Fast Facts

Gary Pattillo


Print vs. e-book preferences

A qualitative study of a group of City University of New York students found that “students tended to use print for academic and long-form reading and to engage with it more deeply. Although electronic resources were sometimes used for academic purposes, students often used them for shorter and non-academic reading. Students found electronic media convenient, but most of them did not wish to switch to electronic media for their academic reading.”

Nancy M. Foasberg, “Student Reading Practices in Print and Electronic Media,” College & Research Libraries (pre-print) (2013), http://crl.acrl.org/content/early/2013/06/28/crl13-483.full.pdf (retrieved August 1, 2013).

Google Books Ngram Viewer

The Google Ngram database draws on more than 8 million digitized books (about 6 percent of all books ever published) in a variety of languages. The Ngram Viewer provides a simple search interface that plots word frequencies over time. The database has been updated with syntactically annotated ngrams, providing for lexical analysis and “culturomics” or quantitative analysis of culture. Google provides the data sets for large scale analysis of the underlying data.

Google Books Ngram Viewer, http://books.google.com/ngrams (retrieved August 9, 2013).

Student writing and digital tools

“In a survey of Advanced Placement and National Writing Project middle-school and high-school teachers, a majority say digital tools encourage students to be more invested in their writing by encouraging personal expression and providing a wider audience for their work. Most also say digital tools make teaching writing easier, despite an increasingly ambiguous line between formal and informal writing and students’ poor understanding of issues such as plagiarism and fair use.”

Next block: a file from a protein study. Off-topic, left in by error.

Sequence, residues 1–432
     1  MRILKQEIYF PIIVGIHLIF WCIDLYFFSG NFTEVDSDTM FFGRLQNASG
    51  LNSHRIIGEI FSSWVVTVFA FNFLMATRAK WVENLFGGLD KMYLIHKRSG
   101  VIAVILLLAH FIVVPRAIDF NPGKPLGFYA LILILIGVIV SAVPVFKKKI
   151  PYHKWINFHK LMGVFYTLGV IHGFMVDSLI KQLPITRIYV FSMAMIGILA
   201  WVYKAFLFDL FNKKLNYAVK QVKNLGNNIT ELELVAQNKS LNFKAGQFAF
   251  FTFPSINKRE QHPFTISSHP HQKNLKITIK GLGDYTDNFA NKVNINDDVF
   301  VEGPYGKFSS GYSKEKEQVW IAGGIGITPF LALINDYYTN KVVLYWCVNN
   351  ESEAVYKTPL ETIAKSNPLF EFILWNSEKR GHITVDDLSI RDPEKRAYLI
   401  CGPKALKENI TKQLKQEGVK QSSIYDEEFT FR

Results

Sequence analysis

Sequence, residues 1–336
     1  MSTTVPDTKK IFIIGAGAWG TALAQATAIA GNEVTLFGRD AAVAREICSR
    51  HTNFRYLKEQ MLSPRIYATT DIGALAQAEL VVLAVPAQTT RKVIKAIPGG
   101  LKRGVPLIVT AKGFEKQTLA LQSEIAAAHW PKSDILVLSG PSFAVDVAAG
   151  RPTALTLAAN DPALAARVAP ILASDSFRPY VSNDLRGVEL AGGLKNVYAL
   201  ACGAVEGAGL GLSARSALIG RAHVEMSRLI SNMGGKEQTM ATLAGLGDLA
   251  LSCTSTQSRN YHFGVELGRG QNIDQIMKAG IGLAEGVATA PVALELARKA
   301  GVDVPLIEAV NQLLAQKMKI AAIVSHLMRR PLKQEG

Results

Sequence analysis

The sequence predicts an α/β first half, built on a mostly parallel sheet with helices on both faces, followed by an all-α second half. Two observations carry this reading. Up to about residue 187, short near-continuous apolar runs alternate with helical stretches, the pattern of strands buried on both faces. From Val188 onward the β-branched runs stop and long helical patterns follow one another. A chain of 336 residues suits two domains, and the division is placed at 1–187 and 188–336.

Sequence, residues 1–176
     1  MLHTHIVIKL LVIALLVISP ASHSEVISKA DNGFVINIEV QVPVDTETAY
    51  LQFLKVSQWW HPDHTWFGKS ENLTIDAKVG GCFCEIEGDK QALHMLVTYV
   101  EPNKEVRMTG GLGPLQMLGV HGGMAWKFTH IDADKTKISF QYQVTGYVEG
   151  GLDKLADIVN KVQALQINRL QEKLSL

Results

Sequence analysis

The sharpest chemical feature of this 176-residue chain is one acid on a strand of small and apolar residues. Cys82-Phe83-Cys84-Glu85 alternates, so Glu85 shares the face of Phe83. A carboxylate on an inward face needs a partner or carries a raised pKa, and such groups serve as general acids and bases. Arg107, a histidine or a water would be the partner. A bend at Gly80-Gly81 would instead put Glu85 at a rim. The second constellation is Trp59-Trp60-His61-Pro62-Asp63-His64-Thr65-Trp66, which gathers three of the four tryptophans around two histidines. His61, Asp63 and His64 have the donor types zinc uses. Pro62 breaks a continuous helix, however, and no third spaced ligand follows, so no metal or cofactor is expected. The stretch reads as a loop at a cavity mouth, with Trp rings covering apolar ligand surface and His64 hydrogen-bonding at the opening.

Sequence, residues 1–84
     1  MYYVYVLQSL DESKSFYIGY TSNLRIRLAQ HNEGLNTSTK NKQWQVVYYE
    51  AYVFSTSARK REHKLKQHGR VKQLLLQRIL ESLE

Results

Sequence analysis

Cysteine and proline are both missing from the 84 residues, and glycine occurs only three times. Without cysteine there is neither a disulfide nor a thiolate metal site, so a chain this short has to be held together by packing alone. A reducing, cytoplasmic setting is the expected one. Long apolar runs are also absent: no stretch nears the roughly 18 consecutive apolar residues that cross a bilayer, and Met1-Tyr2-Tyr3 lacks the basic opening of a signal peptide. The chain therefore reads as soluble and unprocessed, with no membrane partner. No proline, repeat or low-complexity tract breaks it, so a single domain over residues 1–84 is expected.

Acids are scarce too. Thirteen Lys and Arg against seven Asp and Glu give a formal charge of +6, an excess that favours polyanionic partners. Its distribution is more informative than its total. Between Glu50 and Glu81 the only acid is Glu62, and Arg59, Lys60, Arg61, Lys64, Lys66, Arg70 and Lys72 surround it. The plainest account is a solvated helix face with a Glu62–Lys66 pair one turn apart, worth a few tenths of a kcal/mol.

Kristen Purcell, Judy Buchanan, and Linda Friedrich, “The Impact of Digital Tools on Student Writing and How Writing Is Taught in Schools,” Pew Internet & American Life Project, July 16, 2013, http://pewinternet.com/Reports/2013/Teachers-technology-and-writing.aspx (retrieved August 9, 2013).

European employment

According to Eurostat, in 2011, 7.5 million young people aged 15 to 24 and an additional 6.5 million young people aged 25 to 29 were excluded from the labor market and education in Europe. This corresponds to a significant increase in the NEET rate (not in employment, education, or training): in 2008, the figure stood at 11 percent of 15 to 24-year-olds and 17 percent of 25 to 29-year-olds. By 2011 these rates had increased to 13 percent and 20 percent respectively.

Eurofound (2012), “NEETs—Young people not in employment, education or training: Characteristics, costs and policy responses in Europe,” Publications Office of the European Union, Luxembourg, www.eurofound.europa.eu/pubdocs/2012/54/en/1/EF1254EN.pdf (retrieved June 11, 2013).

Research data curation

The volume of electronic data is estimated to grow from 0.8 zettabytes (1 ZB equals 1 trillion gigabytes) as of 2009 to approximately 35 ZB (35 trillion gigabytes) by 2020. It is stored in a wide variety of locations and formats, not easily accessible to researchers. An industry forum, hosted by Thomson Reuters in July 2013, states that the current unavailability of this data constitutes an impediment to the progress of research. The group asserts that the availability and accessibility of the material—properly maintained and curated—is essential for advancing science.

“Unlocking the value of research data: A report from the Thomson Reuters industry forum,” Thomson Reuters, July 2013, http://researchanalytics.thomsonreuters.com/m/pdfs/1003903-1.pdf (retrieved August 13, 2013).

Copyright 2013© American Library Association

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